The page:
Lecture Series

Franklin Lecture Series

In 2013, sponsored by the William Howard Doane Library, we inaugurated The Carolyn Craig and Dr. Carl M. Franklin Lecture Series. This lecture series features librarians, artists, writers and public intellectuals dealing with issues related to the field of library and information science.

*Posters designed by Kristen PantleRecorded lectures on Vimeo


In 2016, I developed the Lunch* Learn*Library* Lecture Series in the J. Robert Oppenheimer Study Center, Los Alamos National Laboratory. This informal video series features the best presentations & keynotes from library conferences, industry, and scholarly societies.

Horizons Series

In 2018, in collaboration with the Department of Learning & Applied Innovation, we developed the Horizons Colloquium Series. This colloquium series features a diverse mix of librarians, instructional designers, inventors, scholars, and innovators exploring the disciplinary boundaries in teaching, learning, and scholarly communication.

Open and Equitable Scholarship in the Liberal Arts Lecture Series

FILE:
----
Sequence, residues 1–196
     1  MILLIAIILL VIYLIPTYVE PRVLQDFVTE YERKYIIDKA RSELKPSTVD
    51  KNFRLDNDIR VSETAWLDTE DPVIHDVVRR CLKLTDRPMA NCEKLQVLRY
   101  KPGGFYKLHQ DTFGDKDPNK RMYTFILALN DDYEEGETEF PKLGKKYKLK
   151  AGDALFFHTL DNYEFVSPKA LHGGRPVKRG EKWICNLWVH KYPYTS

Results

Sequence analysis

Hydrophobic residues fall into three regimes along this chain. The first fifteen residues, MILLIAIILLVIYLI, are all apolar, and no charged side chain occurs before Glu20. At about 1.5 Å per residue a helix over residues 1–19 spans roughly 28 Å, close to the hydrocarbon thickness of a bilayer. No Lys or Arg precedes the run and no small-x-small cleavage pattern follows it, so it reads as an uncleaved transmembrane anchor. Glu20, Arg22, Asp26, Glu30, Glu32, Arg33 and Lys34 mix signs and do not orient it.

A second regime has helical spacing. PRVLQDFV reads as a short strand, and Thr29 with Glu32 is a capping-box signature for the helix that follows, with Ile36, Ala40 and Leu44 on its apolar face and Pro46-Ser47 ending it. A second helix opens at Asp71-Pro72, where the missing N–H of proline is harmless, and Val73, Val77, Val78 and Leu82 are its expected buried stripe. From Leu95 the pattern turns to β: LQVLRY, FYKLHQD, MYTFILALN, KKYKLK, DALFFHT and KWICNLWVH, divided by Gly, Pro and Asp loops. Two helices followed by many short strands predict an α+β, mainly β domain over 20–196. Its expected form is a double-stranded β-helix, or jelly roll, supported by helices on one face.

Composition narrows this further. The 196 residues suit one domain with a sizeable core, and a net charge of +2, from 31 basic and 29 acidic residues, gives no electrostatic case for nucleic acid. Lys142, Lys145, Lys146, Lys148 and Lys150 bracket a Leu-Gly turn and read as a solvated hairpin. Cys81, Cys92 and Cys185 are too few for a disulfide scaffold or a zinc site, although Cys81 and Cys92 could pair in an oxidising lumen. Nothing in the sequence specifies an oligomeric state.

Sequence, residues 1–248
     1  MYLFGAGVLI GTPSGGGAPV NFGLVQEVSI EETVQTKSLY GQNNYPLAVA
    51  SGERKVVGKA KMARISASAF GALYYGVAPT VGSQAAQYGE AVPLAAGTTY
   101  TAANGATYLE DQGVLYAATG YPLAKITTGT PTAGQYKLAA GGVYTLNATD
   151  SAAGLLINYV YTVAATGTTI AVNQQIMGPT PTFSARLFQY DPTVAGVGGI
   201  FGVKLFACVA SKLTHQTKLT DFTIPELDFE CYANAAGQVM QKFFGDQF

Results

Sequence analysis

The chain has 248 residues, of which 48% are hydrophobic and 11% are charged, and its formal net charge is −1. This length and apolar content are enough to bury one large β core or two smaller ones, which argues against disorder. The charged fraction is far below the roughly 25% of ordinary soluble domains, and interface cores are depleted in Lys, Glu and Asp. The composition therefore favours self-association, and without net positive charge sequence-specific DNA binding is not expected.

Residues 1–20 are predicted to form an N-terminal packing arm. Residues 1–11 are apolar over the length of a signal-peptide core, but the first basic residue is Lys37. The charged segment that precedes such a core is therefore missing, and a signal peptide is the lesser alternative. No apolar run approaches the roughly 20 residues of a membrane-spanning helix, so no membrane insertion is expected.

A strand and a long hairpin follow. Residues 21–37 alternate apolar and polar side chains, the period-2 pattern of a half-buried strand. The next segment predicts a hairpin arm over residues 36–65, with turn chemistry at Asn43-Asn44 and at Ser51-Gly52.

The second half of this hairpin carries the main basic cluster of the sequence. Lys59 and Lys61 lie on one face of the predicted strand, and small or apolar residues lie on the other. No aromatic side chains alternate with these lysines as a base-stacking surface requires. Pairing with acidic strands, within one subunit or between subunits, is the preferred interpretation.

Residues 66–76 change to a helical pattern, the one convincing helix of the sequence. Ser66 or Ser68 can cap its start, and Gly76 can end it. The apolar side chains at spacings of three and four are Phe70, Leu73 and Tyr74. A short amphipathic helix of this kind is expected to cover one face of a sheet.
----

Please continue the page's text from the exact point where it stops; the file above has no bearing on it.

Oberlin Group members share a belief that scholarship and data should be universally accessible and equally available to scholars and readers worldwide. As leaders we are committed to working towards this goal through a range of actions, in order to make resources as open as possible and facilitate scholarship, teaching and learning both within and outside of our group. Communicate, as a group or individually, commitments or statements in support of projects that advance open access, open data, open educational resources, and open publishing.  Contribute our unique liberal arts academic library perspective as a group or individually to national organizations or projects that are working towards these goals.  Provide a forum for our members to discuss and initiate new projects in support of openness, recognizing that not all of our members may be able to provide financial support to such projects. Initiate and host discussions for our member libraries so that we can share institution-specific ways that we are individually supporting universal access to scholarship.


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